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Family Business Roundup: Camargo Corrêa, Toyota, and Tod's

Camargo sisters sell maker of Havaianas sandals; Toyota global leader in car sales; and Tod’s acquires Roger Vivier for $441 million

Camargo sisters sell maker of Havaianas sandals

Brazilian engineering company Camargo Corrêa, controlled by the billionaire Carmargo sisters, has revealed it is selling the maker of Havaianas flip-flops to J&F Investimentos SA for 2.7 billion reais ($718 million).

Sao Paulo-based J&F Investimentos SA controls the world’s largest meat exporter, JBS SA, and will take control of Alpargatas SA, the publicly traded company creates Havaianas, according to Bloomberg.  

The industrial conglomerate is controlled by three Camargo heiresses, Regina, Renata and Rosana, who together own a fortune worth more than $5 billion, according to the Bloomberg Billionaires Index.

The family hope that the purchase of Alpargatas will help to diversify the holdings of J&F Investimentos SA, which also has controlling stakes in paper maker Eldorado Brasil Celulose SA and dairy-products company Vigor Alimentos.

Toyota global leader in car sales

Toyota Motor Corp, owned by the Toyoda family, outsold Volkswagen for the fourth month in a row this October to remain the world's top-selling automaker.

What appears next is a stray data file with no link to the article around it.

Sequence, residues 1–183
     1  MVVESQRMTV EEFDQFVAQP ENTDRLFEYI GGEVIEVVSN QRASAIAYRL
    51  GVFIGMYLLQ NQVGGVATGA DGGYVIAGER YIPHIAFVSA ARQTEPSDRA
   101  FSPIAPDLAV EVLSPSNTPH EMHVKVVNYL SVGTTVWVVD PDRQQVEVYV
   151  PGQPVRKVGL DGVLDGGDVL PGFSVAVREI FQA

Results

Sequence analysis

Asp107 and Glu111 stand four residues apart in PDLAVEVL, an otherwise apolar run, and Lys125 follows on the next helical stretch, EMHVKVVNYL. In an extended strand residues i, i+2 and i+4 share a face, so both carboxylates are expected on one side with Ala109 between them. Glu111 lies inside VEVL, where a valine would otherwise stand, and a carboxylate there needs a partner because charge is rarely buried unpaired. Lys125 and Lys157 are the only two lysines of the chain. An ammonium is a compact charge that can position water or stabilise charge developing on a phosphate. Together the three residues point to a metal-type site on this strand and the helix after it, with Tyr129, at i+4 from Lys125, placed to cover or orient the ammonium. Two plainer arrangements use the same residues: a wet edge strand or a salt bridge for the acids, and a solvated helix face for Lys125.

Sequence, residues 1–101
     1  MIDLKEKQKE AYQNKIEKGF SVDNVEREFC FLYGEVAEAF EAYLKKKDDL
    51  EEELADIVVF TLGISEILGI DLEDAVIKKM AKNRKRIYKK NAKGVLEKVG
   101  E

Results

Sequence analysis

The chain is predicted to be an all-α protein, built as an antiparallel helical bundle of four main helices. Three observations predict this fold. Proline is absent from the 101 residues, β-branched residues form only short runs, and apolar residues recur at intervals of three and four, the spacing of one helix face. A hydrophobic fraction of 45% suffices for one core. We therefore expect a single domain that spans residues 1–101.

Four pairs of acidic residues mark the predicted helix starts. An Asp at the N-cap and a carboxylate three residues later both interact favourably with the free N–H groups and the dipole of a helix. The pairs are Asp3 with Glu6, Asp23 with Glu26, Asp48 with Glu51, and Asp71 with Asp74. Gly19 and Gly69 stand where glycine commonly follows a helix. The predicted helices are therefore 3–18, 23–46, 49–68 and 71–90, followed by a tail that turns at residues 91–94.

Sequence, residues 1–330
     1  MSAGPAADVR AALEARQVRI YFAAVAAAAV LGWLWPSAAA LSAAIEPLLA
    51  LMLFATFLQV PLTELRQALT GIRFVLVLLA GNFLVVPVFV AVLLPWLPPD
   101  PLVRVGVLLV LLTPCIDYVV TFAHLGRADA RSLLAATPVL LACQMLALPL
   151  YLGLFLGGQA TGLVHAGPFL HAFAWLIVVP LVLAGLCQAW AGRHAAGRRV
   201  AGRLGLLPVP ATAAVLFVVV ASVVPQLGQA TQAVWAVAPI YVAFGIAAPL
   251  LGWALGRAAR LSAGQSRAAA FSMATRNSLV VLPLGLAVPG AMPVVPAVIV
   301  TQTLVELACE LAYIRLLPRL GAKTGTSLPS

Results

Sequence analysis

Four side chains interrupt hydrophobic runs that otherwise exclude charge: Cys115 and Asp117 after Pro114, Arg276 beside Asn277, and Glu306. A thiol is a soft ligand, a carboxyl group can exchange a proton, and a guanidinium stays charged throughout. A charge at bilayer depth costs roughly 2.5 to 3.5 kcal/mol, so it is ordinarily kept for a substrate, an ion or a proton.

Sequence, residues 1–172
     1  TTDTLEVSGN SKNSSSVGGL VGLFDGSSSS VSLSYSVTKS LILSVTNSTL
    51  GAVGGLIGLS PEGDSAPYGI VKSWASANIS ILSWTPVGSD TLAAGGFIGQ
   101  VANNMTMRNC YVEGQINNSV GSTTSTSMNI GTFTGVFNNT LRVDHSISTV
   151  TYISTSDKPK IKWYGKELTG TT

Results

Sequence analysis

The news hits as sales at German carmaker Volkswagen remain stunted following the diesel emissions scandal that rocked the auto industry last month, falling by 5.3% year-on-year in October.

Toyota said on Friday its group vehicle sales totalled 8.35 million in the January-October period, which equates to more than the 8.2 million vehicles delivered by Volkswagen during the same period.

The Toyoda family founded Toyota in 1937.

Tod’s acquires Roger Vivier for $441 million

Italian luxury goods maker Tod’s, owned by billionaire tycoon Diego Della Valle, has acquired high-end French shoes and accessories brand Roger Vivier for $441 million.

Tod’s already produces and sells Roger Vivier shoes in return for royalty payments under a licensing agreement that is due for renewal next year, according to Reuters.

The brand contributes 15% of the Italian group’s sales.

Tod’s traces its roots back to the late 1920s when Filippo Della Valle first started a shoemaking business. Today, the Della Valle family controls 56.7% of the company and many family members are involved in its management.


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